SEC vs. Everyone

Gary Gensler declares war on crypto

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Market Check-in

This Week in Crypto

The SEC comes after Coinbase

The SEC continues its regulatory enforcement on the crypto market, filing a lawsuit against Coinbase, the country's biggest crypto trading platform, for allegedly operating without registering as a broker. This follows the SEC's accusations against Binance a day later, for purported mishandling of customer funds and misleading American regulators and investors. Regulators are attempting to reshape the crypto sector by treating digital asset exchanges like conventional financial firms, rejecting the notion that they require new rules.

Coinbase is accused of prioritizing profits over investor interests and regulatory compliance, with the SEC claiming that the company operated as an unregistered exchange while advertising some of its products as securities during its IPO. Coinbase argues that SEC's approval of its IPO implicitly endorsed its business model. The SEC, however, insists that crypto assets (specifically 13 named in the suit) are akin to stocks, bonds, and other securities, implying that firms providing crypto trading platforms must register like any other exchange or brokerage. As regulatory tensions rise, Coinbase faces additional lawsuits from securities regulators in 10 states for selling unregistered securities, adding to the pressure for legislative clarity around whether digital assets are securities or something distinct.

PoolTogether Case Gets Thrown Out

The lawsuit filed by Joseph Kent, the technology lead for Warren’s 2020 presidential campaign, against the no-loss lottery protocol PoolTogether and its backers has been dismissed by a Brooklyn federal court judge. The central question, whether PoolTogether constitutes an illegal lottery under New York law, remained unanswered as the judge ruled that Kent lacked standing to sue. The case had political undertones due to Kent's previous role in Sen. Elizabeth Warren's 2020 presidential bid and his concerns about the environmental and regulatory implications of the cryptocurrency ecosystem. The court found that Kent had not experienced any harm, as he could withdraw his contributions at any time and the transaction fees he incurred were not imposed by the defendants.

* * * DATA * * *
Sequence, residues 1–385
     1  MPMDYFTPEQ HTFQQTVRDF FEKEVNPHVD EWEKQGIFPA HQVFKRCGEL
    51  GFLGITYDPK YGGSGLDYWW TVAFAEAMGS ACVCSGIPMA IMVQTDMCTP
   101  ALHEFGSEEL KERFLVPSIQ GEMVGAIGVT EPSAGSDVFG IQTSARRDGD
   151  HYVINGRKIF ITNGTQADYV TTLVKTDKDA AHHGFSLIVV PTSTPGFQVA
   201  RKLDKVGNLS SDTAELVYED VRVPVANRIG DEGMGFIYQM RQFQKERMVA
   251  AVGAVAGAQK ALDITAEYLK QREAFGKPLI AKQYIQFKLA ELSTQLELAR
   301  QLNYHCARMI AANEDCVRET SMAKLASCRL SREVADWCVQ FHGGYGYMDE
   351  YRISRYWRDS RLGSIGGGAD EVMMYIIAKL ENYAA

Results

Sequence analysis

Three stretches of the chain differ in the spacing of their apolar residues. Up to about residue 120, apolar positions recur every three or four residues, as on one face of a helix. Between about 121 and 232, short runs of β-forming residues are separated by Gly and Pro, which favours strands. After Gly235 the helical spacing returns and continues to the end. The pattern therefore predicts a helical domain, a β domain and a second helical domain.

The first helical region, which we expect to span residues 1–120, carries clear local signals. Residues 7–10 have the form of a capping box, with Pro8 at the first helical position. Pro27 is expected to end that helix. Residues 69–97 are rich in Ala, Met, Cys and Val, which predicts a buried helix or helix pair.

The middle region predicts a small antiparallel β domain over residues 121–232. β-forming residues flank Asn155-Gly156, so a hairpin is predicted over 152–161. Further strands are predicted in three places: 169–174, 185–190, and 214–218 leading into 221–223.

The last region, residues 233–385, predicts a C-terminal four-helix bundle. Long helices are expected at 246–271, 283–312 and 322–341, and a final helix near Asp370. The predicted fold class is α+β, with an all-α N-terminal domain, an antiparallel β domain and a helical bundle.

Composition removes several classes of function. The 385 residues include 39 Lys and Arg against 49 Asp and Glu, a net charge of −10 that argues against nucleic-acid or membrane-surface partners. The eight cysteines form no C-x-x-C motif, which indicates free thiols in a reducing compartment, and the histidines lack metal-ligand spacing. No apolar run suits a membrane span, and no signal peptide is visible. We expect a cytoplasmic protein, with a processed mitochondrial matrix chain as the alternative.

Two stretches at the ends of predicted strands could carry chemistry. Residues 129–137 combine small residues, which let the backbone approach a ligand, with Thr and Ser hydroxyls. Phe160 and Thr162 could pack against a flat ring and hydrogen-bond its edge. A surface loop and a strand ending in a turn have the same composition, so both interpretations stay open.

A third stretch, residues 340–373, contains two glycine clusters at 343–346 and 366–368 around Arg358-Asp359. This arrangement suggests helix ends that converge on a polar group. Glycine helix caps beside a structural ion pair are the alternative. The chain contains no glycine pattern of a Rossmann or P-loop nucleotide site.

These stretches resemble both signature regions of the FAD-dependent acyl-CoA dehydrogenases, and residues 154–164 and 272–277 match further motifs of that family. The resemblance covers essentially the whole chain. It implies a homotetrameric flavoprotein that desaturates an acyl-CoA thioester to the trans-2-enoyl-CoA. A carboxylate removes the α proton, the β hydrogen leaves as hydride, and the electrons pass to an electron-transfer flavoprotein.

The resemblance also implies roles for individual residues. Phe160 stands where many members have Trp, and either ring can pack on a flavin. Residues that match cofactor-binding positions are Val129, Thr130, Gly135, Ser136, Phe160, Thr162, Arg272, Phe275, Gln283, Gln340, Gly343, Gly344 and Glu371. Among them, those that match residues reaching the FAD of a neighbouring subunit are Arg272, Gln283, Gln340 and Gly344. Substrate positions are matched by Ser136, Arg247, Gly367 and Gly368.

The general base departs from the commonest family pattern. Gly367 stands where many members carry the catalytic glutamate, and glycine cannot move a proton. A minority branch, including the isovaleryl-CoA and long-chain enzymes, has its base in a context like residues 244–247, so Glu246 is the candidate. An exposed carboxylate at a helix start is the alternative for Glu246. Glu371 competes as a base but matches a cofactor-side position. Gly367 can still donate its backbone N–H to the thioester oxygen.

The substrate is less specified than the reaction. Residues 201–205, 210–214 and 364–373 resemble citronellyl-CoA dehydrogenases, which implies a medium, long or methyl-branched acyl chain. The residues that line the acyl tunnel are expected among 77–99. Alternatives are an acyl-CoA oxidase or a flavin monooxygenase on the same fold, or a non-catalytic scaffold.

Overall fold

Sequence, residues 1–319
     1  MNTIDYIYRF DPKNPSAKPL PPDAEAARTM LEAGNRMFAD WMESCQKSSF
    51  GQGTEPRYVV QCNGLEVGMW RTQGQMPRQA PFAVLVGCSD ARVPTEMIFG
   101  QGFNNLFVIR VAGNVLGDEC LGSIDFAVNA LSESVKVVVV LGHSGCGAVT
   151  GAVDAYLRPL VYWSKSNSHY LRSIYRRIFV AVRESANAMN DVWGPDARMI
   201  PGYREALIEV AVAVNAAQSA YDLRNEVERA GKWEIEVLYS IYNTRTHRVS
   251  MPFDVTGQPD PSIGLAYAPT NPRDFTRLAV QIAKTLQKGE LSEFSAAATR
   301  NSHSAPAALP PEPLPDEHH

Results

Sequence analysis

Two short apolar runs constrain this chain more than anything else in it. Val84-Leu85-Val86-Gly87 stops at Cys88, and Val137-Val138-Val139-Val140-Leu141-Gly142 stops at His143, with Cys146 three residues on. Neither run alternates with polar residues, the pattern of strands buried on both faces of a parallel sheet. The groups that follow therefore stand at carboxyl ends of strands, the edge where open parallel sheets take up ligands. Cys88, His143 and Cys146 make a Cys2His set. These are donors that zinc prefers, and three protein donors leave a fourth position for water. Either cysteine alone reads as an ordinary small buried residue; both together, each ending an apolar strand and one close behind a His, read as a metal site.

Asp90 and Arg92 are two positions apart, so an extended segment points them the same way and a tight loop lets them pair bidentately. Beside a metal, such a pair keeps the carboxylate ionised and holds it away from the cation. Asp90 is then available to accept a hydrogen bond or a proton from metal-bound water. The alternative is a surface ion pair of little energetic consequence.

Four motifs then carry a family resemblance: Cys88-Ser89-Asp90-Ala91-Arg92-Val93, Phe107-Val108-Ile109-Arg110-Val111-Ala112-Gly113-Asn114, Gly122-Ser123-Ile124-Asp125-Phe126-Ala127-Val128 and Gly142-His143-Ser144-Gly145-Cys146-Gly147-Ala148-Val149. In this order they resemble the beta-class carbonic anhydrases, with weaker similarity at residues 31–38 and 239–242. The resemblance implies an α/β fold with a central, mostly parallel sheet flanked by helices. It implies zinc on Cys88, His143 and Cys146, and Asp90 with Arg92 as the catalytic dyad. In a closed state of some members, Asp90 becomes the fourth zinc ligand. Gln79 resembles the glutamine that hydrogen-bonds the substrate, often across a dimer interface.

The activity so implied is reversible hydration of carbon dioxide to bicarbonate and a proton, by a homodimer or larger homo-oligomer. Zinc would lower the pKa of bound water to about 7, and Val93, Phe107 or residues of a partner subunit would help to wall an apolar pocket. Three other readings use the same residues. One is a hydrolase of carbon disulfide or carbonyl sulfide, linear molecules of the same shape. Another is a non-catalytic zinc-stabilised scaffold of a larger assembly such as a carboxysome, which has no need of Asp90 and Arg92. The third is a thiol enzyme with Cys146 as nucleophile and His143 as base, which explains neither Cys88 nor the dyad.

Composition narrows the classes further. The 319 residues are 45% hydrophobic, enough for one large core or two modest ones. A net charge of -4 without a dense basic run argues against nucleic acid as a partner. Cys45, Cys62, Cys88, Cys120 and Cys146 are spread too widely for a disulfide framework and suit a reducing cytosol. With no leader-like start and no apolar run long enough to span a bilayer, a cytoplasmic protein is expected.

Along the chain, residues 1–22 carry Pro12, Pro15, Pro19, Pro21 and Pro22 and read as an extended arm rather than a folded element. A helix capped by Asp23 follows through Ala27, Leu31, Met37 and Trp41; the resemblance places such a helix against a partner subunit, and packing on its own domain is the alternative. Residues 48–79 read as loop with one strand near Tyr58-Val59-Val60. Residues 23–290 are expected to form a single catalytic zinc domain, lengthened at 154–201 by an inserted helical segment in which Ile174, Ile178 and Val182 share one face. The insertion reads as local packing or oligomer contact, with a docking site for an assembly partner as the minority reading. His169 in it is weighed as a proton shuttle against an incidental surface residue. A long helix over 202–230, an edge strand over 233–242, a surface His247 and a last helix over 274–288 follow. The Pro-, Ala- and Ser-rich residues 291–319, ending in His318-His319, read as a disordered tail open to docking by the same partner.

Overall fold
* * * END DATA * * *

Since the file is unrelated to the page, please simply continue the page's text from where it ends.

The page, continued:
OokieDAO’s Default Judgement

A federal judge has ruled in favor of the Commodity Futures Trading Commission (CFTC), setting a precedent that decentralized autonomous organizations (DAOs) can be held legally accountable as a "person" under the Commodity Exchange Act. The ruling came after Ooki DAO failed to respond to a CFTC enforcement action, leading to a default judgement that found Ooki liable for operating an illegal trading platform and unlawfully acting as a futures commission merchant. Despite arguments that DAOs should not be treated as singular entities, the judgement may open the door to future actions against DAOs and decentralized exchanges. As a result, Ooki DAO is prohibited from operating in the U.S., dealing with any CFTC-registered entities, and has been fined over $640,000.

BinanceUS Begins to Unwind

Following the announcement of a lawsuit from SEC against Binance, Binance.US, and CEO Changpeng Zhao on June 5th, Binance.US has seen a 78% drop in market depth across the top 25 crypto assets. This decline, attributed to the rapid exodus of market makers from the platform, indicates reduced liquidity, posing challenges for trade execution. The retreat could increase slippage and negatively affect the exchange's overall efficiency and reputation. In the week following the lawsuit, over $2.5 billion in net outflow reportedly left Binance, with an additional $112 million leaving Binance.US, according to crypto analytics provider Nansen. Binance CEO, however, disputes these figures. This comes after BinanceUS announced they would suspend USD deposits, saying bank partners will pause dollar payments this week (June 13).

Lawmakers Retaliate

U.S. Representative Warren Davidson has introduced the "SEC Stabilization Act" to the House of Representatives, aiming to remove SEC Chair Gary Gensler from his position. Davidson claims this is to protect U.S. capital markets from what he perceives as tyrannical leadership and to counter an alleged abuse of power. The proposed bill, co-authored by Rep. Tom Emmer, also intends to redistribute power within the SEC, add a sixth commissioner, prevent any party from holding a majority on the commission, and create an executive director role.

More reading from this week

1/ a16z Crypto Expands to the UK

2/ BOCI issues first tokenized security in HK on Ethereum

3/ Coinbase Stock Tumbles after SEC news

Reasons to Sell - Why there will always be bad news.

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